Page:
For the surname, see Cantù (surname).
"Cantu" redirects here. For the place formerly called Cantu in California, see Andrade, California.
Comune di Cantù

Coat of arms

Location of Cantù in Italy

Coordinates: 45°44′N 09°08′E / 45.733°N 9.133°E / 45.733; 9.133Coordinates: 45°44′N 09°08′E / 45.733°N 9.133°E / 45.733; 9.133
Country Italy
Region Lombardy
Province / Metropolitan city Como (CO)
Frazioni Vighizzolo, Fecchio, Mirabello, Cascina Amata, Asnago
  Mayor Claudio Bizzozero
  Total 23 km2 (9 sq mi)
Elevation 370 m (1,210 ft)
  Total 39,036
  Density 1,700/km2 (4,400/sq mi)
Demonym(s) Canturini
Time zone CET (UTC+1)
  Summer (DST) CEST (UTC+2)
Postal code 22063
Dialing code 031
Patron saint Saint Apollonia
Saint day February 9
Website Official website

Cantù (Italian pronunciation: [kanˈtu]; Cantü [kãˈty] in local Lombard) is a city and comune in the Province of Como, located at the center of the Brianza zone in Lombardy. It is the second largest city in Brianza.


Cantù was a source of conflict between the cities of Milan and Como. The Sforza of Milan took control permanently in the 15th century.

Main sights

Detail from the life of St Christopher (c.1000), from the nave of the Basilica of Galliano.

The main attraction of Cantù is the Basilica di San Vincenzo in the frazione Galliano, which was consecrated in 1007 by the future Archbishop of Milan, Ariberto da Intimiano. The building was sold in 1801 to become a private dwelling, before being bought by the municipality in 1909 and reconsecrated in 1934. The basilica contains the oldest frescoes in Lombardy consisting of series of stories from the Bible and the saints. The frescoes in the apse are especially fine, and those in the nave probably by this master painter's followers.[1] Other sights are the Piazza Garibaldi, named for Giuseppe Garibaldi, and the San Paolo Church, whose bell tower is one of the symbol of the city.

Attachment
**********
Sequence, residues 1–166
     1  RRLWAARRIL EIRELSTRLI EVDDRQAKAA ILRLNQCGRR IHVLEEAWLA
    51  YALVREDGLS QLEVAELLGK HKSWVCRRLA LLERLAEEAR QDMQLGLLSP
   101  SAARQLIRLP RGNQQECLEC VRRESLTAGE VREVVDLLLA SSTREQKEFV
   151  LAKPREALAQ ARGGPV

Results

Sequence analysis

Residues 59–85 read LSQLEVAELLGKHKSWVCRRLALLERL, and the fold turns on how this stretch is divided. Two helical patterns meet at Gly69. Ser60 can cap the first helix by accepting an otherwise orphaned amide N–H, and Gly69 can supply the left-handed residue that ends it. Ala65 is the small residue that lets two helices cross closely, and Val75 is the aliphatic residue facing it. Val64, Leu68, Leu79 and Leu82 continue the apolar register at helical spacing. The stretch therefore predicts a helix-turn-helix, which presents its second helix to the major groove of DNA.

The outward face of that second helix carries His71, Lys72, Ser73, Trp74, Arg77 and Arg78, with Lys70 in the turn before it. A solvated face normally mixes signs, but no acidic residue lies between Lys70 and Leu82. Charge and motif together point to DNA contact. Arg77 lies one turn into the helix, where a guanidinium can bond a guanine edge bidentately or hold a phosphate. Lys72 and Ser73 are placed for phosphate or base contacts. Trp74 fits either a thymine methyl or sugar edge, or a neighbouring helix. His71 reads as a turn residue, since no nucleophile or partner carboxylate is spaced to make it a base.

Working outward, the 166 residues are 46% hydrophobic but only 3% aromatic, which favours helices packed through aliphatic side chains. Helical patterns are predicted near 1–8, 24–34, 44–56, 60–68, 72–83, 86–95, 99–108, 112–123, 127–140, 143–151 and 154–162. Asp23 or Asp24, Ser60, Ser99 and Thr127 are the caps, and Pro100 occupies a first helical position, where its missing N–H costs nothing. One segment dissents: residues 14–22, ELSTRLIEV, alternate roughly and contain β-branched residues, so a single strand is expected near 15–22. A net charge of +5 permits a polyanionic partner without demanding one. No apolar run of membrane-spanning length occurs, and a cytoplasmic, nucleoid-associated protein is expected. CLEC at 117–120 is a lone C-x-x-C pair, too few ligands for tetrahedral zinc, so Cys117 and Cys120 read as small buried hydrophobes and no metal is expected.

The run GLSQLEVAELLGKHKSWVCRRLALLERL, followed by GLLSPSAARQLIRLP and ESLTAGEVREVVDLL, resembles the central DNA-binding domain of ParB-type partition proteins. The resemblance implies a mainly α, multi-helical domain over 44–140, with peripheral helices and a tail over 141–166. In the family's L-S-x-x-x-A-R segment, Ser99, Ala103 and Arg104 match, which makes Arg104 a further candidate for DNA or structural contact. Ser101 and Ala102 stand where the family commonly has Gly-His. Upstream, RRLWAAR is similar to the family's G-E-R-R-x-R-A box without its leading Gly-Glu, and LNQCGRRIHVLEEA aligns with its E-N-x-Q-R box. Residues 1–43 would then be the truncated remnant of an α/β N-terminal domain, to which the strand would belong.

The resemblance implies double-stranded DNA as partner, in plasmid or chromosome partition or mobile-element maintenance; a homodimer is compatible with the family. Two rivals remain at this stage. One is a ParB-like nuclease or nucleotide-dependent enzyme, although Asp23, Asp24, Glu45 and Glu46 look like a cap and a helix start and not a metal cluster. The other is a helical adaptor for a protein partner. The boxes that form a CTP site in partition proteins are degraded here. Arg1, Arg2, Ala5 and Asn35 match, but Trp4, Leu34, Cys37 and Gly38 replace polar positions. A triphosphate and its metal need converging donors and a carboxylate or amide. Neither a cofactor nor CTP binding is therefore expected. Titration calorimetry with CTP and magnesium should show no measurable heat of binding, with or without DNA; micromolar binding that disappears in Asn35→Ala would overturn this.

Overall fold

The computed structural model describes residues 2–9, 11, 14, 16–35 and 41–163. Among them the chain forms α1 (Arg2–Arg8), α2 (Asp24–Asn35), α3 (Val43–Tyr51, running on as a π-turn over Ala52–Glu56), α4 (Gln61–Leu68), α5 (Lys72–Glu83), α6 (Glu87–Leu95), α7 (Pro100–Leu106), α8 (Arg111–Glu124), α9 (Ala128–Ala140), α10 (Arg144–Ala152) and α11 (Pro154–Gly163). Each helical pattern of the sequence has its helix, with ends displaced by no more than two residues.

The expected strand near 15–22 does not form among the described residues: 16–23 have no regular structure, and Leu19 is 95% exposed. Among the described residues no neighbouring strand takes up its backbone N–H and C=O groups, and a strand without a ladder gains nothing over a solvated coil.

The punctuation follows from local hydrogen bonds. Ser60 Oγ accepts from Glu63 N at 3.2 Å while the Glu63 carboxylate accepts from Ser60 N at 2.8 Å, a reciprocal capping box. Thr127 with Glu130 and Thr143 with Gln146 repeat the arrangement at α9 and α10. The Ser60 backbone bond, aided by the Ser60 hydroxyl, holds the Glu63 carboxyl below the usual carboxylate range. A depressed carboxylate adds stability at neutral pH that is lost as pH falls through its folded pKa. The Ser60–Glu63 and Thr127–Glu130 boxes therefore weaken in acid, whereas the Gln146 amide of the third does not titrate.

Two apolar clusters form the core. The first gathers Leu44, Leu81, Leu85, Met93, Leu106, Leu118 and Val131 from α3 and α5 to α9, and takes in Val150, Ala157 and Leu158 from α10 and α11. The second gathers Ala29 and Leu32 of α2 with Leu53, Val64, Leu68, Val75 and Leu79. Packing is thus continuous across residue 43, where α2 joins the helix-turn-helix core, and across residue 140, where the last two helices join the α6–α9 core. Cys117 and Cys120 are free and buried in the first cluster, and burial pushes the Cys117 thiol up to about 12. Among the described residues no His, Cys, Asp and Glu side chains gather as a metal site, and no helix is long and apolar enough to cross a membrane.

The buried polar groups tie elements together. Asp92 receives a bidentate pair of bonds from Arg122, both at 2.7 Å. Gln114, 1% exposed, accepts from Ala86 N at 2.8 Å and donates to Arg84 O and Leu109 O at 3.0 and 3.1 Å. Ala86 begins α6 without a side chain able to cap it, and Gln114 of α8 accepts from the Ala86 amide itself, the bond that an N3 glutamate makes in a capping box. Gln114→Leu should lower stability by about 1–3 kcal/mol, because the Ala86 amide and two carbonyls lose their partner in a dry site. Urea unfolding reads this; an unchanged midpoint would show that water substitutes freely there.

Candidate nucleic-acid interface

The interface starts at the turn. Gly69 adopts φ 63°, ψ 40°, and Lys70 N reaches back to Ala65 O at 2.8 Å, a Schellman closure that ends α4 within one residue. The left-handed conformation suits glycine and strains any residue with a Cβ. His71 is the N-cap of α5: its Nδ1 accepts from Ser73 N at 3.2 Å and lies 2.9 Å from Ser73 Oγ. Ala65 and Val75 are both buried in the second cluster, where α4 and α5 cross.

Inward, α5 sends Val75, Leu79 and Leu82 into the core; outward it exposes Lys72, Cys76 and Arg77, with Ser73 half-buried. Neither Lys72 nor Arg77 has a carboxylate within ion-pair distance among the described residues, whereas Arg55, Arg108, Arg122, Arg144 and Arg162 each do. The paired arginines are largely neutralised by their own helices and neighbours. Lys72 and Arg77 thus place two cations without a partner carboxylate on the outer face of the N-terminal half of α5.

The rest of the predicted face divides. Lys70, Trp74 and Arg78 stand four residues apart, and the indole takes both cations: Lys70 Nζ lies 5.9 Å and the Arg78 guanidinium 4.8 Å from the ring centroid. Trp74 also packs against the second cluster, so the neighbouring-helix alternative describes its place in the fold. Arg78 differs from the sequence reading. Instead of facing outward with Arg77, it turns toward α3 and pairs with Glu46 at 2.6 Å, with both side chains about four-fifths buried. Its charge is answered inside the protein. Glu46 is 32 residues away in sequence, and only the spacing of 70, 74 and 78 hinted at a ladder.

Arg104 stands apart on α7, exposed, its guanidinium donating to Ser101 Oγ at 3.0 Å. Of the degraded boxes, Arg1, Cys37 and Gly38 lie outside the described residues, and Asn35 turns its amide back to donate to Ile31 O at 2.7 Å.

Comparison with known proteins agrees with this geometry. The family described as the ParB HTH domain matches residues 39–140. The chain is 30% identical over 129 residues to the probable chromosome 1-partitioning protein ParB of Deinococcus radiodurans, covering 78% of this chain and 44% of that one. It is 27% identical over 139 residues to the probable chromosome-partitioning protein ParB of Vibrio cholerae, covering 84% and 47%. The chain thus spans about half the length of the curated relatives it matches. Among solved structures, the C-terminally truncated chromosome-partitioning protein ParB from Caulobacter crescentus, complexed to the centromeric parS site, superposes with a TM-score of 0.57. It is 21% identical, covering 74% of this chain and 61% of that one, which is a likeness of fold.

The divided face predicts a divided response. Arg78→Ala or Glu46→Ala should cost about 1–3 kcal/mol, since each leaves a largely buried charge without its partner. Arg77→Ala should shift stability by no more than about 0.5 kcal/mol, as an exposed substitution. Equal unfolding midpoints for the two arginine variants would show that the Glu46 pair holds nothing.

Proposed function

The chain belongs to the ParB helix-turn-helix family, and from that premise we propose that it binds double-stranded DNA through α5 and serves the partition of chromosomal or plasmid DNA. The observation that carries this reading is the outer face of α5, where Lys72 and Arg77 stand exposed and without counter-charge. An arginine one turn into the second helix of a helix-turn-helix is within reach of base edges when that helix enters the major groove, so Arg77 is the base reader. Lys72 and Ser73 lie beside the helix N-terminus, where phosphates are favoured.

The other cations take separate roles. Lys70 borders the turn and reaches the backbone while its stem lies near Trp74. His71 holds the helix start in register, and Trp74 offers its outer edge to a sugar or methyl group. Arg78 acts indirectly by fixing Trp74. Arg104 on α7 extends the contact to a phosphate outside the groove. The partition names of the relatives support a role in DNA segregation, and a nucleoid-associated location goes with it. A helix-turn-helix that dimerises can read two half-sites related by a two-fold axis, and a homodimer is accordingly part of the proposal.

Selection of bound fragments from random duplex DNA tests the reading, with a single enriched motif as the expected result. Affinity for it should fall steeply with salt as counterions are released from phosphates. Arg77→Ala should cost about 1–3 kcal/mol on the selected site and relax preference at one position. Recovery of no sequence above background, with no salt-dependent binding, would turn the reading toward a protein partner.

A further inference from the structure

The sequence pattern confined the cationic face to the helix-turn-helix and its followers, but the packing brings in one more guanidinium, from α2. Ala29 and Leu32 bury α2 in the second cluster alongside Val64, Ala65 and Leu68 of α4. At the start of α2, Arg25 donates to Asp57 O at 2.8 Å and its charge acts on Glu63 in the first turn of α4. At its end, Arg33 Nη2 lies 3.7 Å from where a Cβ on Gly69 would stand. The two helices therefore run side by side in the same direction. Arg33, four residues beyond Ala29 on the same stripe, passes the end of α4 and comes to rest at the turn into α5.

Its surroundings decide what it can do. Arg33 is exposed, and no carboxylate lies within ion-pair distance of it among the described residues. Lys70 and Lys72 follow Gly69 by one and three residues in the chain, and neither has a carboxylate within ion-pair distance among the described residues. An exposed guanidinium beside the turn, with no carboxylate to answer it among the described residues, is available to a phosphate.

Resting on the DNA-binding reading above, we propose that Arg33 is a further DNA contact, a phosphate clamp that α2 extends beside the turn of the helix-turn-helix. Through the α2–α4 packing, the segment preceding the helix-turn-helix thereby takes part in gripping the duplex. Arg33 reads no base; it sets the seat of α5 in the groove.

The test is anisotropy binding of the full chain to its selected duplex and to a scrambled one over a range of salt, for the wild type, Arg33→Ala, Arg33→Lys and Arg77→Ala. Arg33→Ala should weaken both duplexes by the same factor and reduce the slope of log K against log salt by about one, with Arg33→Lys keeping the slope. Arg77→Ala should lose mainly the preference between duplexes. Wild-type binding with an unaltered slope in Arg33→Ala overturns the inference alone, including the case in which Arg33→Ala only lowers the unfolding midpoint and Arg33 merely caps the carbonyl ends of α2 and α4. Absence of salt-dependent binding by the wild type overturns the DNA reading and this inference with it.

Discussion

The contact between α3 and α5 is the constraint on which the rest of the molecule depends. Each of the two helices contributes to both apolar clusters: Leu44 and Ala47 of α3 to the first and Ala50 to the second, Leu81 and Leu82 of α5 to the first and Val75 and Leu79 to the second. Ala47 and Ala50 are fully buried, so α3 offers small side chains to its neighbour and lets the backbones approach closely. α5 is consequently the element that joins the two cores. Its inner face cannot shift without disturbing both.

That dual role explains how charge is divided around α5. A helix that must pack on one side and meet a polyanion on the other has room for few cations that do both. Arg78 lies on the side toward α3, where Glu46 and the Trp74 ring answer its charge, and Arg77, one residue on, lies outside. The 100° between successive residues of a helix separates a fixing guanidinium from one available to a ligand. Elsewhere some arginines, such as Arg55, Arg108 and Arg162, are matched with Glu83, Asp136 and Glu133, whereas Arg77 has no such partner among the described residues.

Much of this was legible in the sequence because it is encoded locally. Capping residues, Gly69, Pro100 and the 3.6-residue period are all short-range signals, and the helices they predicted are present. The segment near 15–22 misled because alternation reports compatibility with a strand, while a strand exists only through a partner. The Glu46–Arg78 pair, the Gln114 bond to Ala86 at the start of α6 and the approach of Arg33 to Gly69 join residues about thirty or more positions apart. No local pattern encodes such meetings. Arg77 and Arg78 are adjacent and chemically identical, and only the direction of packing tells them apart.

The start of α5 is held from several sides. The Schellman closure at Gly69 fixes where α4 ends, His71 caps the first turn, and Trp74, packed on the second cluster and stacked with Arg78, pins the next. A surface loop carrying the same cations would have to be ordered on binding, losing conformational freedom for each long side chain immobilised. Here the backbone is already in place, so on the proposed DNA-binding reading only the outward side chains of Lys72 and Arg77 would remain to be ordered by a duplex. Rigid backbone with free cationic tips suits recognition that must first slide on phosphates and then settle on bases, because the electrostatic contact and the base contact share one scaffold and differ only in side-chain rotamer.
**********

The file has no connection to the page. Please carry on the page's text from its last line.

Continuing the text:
Pallacanestro Cantù, the basketball club of the city, won the European Champions Cup twice in 1982 and 1983.

Twin towns


Cantù is served by Cantù railway station and Cantù-Cermenate railway station.


  1. J. Ainaud, Romanesque Painting (London: Weidenfeld & Nicholson, 1963), pp. 6-7

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